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Deep Impact Undergoing Final Preparations For Dec 30 Launch

Deep Impact (pictured in illustration) will be ready to begin preparation for fueling on Dec. 6 and is scheduled to be completed on Dec. 9.
Cape Canaveral FL (SPX) Nov 12, 2004
NASA's Deep Impact spacecraft arrived in Florida on Oct. 23 to begin final preparations for launch on Dec. 30. The spacecraft was shipped from Ball Aerospace & Technologies in Boulder, Colo., to the Astrotech Space Operations facility located near the Kennedy Space Center.

Deep Impact was removed from its shipping container and is now undergoing its Functional and Mission Readiness testing, scheduled for completion on November 23

These tests involve the entire spacecraft flight system (including the flyby and impactor, associated science instruments and the spacecraft's basic subsystems), along with loading updated flight software.

The high gain antenna used for spacecraft communications will be installed on Nov. 29. The solar array will then be stowed and an illumination test performed as a final check of its performance on Nov. 30.

Deep Impact will then be ready to begin preparation for fueling on Dec. 6 and is scheduled to be completed on Dec. 9.

The stacking of the Boeing Delta II launch vehicle on Pad 17-B will begin on Nov. 22 with the hoisting of the first stage into the launcher. Hoisting of the nine strap-on solid rocket boosters, in sets of three, is scheduled for Nov. 23, Nov. 29, and Dec. 1. The second stage will be hoisted into position atop the first stage on Dec. 3.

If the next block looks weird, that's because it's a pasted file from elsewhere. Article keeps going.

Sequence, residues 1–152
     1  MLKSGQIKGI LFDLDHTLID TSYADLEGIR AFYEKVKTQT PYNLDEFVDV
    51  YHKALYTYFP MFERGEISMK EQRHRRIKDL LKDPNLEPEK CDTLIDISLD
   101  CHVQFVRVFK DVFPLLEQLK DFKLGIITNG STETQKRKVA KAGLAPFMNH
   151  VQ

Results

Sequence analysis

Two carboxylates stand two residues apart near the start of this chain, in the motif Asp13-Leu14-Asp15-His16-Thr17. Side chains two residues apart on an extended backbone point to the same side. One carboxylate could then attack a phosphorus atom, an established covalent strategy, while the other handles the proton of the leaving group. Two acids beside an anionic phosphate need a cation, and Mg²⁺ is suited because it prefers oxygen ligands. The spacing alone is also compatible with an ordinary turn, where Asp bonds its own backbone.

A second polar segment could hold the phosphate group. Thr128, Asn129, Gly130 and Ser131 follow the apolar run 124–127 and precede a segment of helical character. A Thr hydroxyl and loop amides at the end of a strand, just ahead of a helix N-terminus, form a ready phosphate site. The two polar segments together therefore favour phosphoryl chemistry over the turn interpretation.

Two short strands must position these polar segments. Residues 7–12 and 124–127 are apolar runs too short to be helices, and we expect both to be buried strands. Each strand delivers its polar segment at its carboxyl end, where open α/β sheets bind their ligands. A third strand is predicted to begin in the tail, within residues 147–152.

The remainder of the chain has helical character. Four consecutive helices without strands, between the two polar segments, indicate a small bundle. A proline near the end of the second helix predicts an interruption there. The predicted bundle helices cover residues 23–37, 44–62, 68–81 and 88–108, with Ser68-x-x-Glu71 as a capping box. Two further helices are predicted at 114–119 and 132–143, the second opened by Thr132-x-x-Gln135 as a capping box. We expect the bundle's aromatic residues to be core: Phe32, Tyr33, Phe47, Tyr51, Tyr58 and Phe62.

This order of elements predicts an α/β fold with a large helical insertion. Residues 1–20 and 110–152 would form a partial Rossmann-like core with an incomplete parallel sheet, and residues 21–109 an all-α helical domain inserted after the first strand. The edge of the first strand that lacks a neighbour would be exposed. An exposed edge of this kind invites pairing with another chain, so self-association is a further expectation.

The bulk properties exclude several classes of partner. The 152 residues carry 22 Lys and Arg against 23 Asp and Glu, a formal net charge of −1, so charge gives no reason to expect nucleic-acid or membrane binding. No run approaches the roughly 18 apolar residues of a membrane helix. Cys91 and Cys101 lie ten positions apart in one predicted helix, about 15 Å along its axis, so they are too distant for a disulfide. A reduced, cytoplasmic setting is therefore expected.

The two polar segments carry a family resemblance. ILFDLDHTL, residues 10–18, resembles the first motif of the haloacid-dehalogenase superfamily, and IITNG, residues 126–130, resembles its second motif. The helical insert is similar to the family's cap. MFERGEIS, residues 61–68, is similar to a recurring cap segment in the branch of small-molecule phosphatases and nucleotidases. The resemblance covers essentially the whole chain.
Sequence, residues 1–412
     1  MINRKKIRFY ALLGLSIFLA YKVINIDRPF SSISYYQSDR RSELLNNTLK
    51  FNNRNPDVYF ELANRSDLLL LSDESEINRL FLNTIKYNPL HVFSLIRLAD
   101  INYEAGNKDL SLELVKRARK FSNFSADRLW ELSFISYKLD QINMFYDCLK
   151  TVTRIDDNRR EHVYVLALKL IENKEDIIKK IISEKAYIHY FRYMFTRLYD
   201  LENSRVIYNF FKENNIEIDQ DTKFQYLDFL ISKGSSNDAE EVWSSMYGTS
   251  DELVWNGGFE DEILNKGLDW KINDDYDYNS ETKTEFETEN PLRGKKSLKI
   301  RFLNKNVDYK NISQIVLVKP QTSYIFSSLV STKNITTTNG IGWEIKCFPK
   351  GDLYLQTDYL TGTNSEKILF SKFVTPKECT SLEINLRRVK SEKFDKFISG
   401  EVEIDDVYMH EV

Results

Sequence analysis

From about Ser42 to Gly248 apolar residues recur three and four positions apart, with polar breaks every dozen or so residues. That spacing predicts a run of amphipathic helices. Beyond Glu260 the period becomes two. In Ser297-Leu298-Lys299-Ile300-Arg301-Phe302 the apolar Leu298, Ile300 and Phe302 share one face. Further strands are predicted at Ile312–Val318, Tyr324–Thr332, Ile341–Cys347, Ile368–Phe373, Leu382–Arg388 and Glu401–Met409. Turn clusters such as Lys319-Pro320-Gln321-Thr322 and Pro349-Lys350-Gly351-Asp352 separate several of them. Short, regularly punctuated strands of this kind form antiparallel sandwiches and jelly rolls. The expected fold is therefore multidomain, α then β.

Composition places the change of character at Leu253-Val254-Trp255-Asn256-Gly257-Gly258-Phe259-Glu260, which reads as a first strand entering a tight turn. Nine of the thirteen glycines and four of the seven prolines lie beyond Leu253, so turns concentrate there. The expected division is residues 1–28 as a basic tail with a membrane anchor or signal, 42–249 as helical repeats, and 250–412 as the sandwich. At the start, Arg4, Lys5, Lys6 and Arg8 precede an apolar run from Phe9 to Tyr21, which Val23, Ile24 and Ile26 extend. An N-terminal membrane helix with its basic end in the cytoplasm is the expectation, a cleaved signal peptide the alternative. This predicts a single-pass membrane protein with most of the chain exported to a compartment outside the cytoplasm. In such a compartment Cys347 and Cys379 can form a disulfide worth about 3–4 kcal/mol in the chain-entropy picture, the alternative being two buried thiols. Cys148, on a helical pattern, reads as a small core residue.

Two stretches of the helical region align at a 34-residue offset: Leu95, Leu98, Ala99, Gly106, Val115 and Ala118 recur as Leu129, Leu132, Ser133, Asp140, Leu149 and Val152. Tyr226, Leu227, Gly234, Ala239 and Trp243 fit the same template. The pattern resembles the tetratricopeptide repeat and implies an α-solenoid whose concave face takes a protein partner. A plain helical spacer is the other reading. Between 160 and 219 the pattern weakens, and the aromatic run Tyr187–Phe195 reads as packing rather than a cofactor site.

The overall Deep Impact mission management for this Discovery class program is conducted by the University of Maryland in College Park, Md.

Deep Impact project management is handled by the Jet Propulsion Laboratory in Pasadena, Calif. The spacecraft has been built for NASA by Ball Aerospace and Technologies Corporation.

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Deep Impact mission at JPL
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Is Shiva Another K-T Impact Zone From 65 Million Years Ago
Moffett Field CA (SPX) Nov 04, 2004
According to the Earth Impact Database, there are two craters - the 180 kilometer-wide Chicxulub crater in Yucatan, Mexico and the much smaller Boltysh crater in eastern Ukraine - that date back to the Cretaceous-Tertiary (K-T) extinction 65 million years ago.

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